Seven manuscript volumes and four photographs comprise the papers of physician Matthias Washington Mabry (1821-1902), who lived in the South Carolina counties of Union and Abbeville, later removing to Augusta, Ga., where he continued his medical practice and operated a general store during the final years of his life.
Mabry maintained a diary for many years in which he recorded information about patients visited, weather observations, and his daily activities. Themes that run consistently through these volumes are concerns typical of the country doctor of his day, including discussion of the treatment of free and enslaved members of the local community and the difficulties encountered in collecting payments due him.
Topics more specific to Mabry include many expressions of grief and depression at deaths of two of his older brothers, each of which merited comment for years afterward on the anniversary of their deaths; his disapproval of his parents’ lack of support for some of his siblings; and his unhappiness with his situation in Union County while living on property owned by his father-in-law.
The two earliest volumes, both dating from 1842, consist of Mabry’s student notes from his medical studies while enrolled at the University of Virginia. Recognizing that a doctor may be among the first persons to visit the victim or the scene of a crime, it appears that Mabry’s instructors included discussion of the attendant legal concerns of their profession, for lectures recorded by Mabry discuss such issues as rape, infanticide, life insurance, persons found dead, and personal identity.
In 1844 Mabry began his medical practice in Union District, boarding at various places including the home of Rueben Gilliams. His earliest diary volume, dated 30 April 1843 - 2 October 1850, to which genealogical notes were later added, discusses the beginning of his medical practice and his social activities in Union County and vicinity.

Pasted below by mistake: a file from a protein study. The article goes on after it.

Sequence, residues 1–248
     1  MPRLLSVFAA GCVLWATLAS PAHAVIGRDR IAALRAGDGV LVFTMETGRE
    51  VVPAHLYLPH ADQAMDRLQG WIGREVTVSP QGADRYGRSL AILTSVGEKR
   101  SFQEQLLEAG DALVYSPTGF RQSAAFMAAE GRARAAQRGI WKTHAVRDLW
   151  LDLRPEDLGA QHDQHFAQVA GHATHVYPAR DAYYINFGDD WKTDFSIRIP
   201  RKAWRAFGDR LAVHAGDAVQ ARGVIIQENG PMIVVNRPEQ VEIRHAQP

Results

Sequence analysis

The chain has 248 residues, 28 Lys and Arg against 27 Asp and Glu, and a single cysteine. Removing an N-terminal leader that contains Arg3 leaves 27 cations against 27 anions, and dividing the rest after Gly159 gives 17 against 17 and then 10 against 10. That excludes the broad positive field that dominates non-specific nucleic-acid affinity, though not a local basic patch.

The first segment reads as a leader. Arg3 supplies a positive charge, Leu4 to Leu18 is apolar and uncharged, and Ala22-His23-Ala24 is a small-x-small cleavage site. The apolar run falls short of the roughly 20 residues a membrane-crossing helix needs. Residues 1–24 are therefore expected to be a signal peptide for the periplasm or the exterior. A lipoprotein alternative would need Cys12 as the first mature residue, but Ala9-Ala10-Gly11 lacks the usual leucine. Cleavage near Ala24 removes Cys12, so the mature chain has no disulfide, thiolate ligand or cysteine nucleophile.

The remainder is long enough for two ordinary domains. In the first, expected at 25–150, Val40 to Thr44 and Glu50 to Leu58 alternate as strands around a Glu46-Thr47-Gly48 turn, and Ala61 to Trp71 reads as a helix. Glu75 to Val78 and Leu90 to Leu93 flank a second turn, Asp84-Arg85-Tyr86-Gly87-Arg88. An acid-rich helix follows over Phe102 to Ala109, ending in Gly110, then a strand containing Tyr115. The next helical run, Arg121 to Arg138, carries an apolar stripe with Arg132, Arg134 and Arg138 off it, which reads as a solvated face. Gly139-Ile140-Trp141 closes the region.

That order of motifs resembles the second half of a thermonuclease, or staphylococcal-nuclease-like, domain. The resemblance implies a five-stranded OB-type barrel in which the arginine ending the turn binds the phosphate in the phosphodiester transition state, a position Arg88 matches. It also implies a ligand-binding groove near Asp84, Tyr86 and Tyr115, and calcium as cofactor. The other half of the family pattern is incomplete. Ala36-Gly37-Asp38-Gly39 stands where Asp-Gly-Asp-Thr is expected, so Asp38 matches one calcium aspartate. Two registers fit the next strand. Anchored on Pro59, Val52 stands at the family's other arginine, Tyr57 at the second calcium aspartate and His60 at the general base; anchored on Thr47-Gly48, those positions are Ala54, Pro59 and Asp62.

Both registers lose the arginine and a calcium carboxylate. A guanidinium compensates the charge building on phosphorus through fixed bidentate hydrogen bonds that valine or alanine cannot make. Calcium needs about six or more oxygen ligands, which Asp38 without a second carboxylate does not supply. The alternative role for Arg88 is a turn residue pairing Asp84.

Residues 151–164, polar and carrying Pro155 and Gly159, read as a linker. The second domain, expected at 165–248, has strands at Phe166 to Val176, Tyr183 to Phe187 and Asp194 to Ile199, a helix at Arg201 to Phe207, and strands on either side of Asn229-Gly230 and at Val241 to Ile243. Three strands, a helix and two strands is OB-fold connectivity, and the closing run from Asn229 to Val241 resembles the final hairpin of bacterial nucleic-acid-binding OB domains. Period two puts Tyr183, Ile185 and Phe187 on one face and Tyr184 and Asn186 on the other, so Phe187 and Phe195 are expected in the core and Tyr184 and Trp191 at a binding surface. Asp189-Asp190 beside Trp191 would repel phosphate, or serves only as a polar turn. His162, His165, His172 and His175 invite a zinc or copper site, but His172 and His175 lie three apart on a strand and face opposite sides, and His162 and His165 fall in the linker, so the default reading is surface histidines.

Regular entries cover the period from 30 April 1843 to September 1844, after which the diarist added occasional entries several times per year, chiefly on his birthday or on dates commemorating significant events. Social and religious activities include a brief entry, 23 March 1844, noting his plans to attend a temperance meeting and a 14 April 1844 entry concerning Mabry’s attendance at a church service led by the Rev. Mr. John Glynn at the “Fishdam meeting house.” Mabry expressed his embarrassment at his poor delivery of a prayer—“at the close of the meeting I was rather unexpectedly called on to pray. I did not deny but it was a miserable weak prayer.” In an entry from several years later he showed no such reticence to speak publicly, however, as evidenced by the text of a twenty-three-page oration in celebration of Independence Day titled “Address Delivered at Creek Cane Church, July 4th, 1847, Union District of So. Ca.”
The diary chiefly talks about local and personal news, but several entries note events of national significance. A 16 July 1844 entry mentions Mabry’s meeting with the cousin of a patient—“he is just [arrived] from Texas and says that the Texans would like to be annexed to this country [and] that they are still willing if the U.S. will receive them.” Another entry dating from March 1850 discusses the significance of the death of John C. Calhoun.